Am I OCD? When a Challenge of Life Invites Mental Health Symptoms

by Donna Gibbs

This past week, my youngest son had a stomach bug. Gratefully, he doesn’t get sick often, and when he does, it is pretty short-lived. I managed this temporary stint of sickness as many momma’s do – checking on him every 15 minutes or so, and filling the air with Lysol in the moments in between.


Things were fine… until I noticed that my husband was looking puny. My typically healthy, energetic, and feisty man was red-skinned and lethargic. When he said he was going to the emergency room (which in 25 years of marriage I have never seen him do), I knew something was up. He got my attention. He was sick, and I was nervous. A couple of hours later, his visit revealed a positive flu test. My Lysol use multiplied by massive proportions. (Some of you can relate!)


The stomach bug and a positive flu test within a 24-hour span sent me seemingly over the edge. They say, “Ignorance is bliss,” but too many educational experiences regarding microscopic germs robbed me of my utopia. Instead, I could nearly visualize nasty germs on all the surfaces of my home; every door-knob, every piece of clothing, every box in my pantry. I was on a disinfecting quest! I displaced my son so that I could isolate my husband upstairs, and only went up to make sure he was alive and to deliver a meal (and I did that only when I could cover my face with a paper-towel “mask” and hold my breath while I was upstairs in proximity of my husband). A couple of times I almost instigated my own panic attack because I held my breath too long! (Don’t shame me – I bet you’ve exercised some of my tactics!)


While some of this is just an entertaining disclosure, the truth is some stressful situations really can induce a temporary season of mental health symptoms. If you had followed me around my home this weekend, you would have been convinced that this typically unworried person really had a serious case of Obsessive-Compulsive Disorder. For a couple of days, I met the criteria! It certainly gives me an even fresher appreciation for the kind of torturous daily struggles typical of those who sincerely wrestle with a lifetime of OCD. (By the way, OCD is perhaps the most easily treated mental disorder, so if you have experienced a long-term pattern of being stuck with obsessive thoughts, or compulsive behaviors, please know that there is help. You don’t have to live alone in that prison anymore!)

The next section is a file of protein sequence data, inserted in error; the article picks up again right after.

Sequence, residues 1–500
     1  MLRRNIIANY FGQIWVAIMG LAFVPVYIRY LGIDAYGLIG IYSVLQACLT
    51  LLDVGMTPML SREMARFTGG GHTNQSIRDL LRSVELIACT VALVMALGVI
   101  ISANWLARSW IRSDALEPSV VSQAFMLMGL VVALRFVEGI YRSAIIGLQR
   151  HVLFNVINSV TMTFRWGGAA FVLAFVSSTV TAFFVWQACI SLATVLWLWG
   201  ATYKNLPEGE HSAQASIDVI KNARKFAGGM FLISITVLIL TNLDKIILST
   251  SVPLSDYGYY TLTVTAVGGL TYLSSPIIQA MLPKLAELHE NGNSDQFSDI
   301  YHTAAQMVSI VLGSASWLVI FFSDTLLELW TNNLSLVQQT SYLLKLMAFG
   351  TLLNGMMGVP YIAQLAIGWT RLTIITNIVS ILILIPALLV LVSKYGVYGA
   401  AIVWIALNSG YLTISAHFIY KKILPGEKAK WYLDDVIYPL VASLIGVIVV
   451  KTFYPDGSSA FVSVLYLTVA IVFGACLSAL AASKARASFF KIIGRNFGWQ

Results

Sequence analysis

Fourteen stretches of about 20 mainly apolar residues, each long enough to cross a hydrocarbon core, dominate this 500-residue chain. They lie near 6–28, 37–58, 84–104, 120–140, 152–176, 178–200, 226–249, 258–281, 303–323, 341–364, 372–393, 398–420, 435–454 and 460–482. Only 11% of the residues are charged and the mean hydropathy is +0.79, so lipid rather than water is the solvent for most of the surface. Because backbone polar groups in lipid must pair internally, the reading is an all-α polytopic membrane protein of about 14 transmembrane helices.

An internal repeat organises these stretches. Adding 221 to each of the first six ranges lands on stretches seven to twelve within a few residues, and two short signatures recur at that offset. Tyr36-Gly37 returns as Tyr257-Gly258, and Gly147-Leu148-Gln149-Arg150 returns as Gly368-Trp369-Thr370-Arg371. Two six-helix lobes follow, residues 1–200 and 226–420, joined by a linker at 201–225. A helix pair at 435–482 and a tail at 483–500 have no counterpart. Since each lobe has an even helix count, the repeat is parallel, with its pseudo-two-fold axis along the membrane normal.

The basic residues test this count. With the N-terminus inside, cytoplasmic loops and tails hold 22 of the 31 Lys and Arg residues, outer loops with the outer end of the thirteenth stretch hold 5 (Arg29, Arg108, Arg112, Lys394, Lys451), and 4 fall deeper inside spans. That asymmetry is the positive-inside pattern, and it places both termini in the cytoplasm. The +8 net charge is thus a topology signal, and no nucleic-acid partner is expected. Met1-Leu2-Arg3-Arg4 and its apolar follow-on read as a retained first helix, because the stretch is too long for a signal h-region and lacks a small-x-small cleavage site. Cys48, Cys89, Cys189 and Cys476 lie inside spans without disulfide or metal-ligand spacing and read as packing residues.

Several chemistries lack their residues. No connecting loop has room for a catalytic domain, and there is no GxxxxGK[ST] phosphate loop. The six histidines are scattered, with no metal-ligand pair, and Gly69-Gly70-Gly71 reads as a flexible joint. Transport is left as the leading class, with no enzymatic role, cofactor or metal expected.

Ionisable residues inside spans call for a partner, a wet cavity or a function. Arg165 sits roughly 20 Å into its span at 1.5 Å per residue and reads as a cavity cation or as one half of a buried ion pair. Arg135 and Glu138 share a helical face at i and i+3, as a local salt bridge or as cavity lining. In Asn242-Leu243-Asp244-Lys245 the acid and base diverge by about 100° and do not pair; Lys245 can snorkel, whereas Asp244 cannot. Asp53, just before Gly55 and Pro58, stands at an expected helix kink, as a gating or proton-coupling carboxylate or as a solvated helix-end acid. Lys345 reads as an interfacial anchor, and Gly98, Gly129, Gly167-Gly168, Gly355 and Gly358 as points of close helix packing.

While my short season surrounded by sickness triggered some unwanted symptoms, there are many other seasons of life that can also trigger short-term mental health challenges. For example, if you are going through a divorce, you may also experience symptoms of depression. If you are facing a challenging diagnosis, you may also experience symptoms of anxiety. If you are in a challenging circumstance right now, you also have a set of mental health symptoms, and they are probably not
pleasant for you to experience. Those symptoms may make you feel that you are emotionally unstable.


This weekend I extended myself some grace, gave myself some appropriate boundaries, refreshed myself with an eternal perspective, and allowed myself a giggle or two regarding my symptoms. I even allowed some of my symptoms of hypervigilance to work on my behalf, preventing me from irresponsibly spreading lots of nasty germs (hey, a little bit of anxiety is a beautiful thing!). If you are in a season of struggle, I would encourage you to also extend yourself some grace. Allow yourself to feel the emotions of your challenge, but also put some reasonable boundaries on yourself. Refresh yourself with an eternal perspective. Meditate on God’s promises and biblical truths. Remember that your symptoms may be perfectly normal given the situation, and they may even work to your benefit if allowed. Lastly, don’t take yourself too seriously – a laugh or two may be just what the Dr ordered!

If your short-season of struggle (with short-term mental health symptoms) turns into an extended season of struggle (with extended mental health symptoms), then it’s time to reach out for help! That’s why we’re here, and we’d consider it an honor to walk alongside you in your unwelcomed season. Together, we might even find a way to laugh somewhere along the way!

Donna Gibbs

Donna Gibbs, co-owner of Summit Wellness Centers, PLLC, is author of the recent releases, Silencing Insecurity and Becoming Resilient. Donna has authored numerous other books, and is commonly featured on radio broadcasts across America, and occasionally internationally as well.
Donna has been providing individuals and families the hope and help they need for twenty years as a national certified counselor, board-certified professional Christian counselor, and licensed professional counselor supervisor. A member of the American Association of Christian Counselors (AACC), she is a leading professional provider for Focus on the Family, Christian Care Network, r3Continuum, FINDINGbalance, and Samaritan’s Purse.
Follow Donna’s author page at https://www.facebook.com/DonnaGibbsResilience/ for daily encouragement, the weekly blog, and updates regarding events and speaking engagements.

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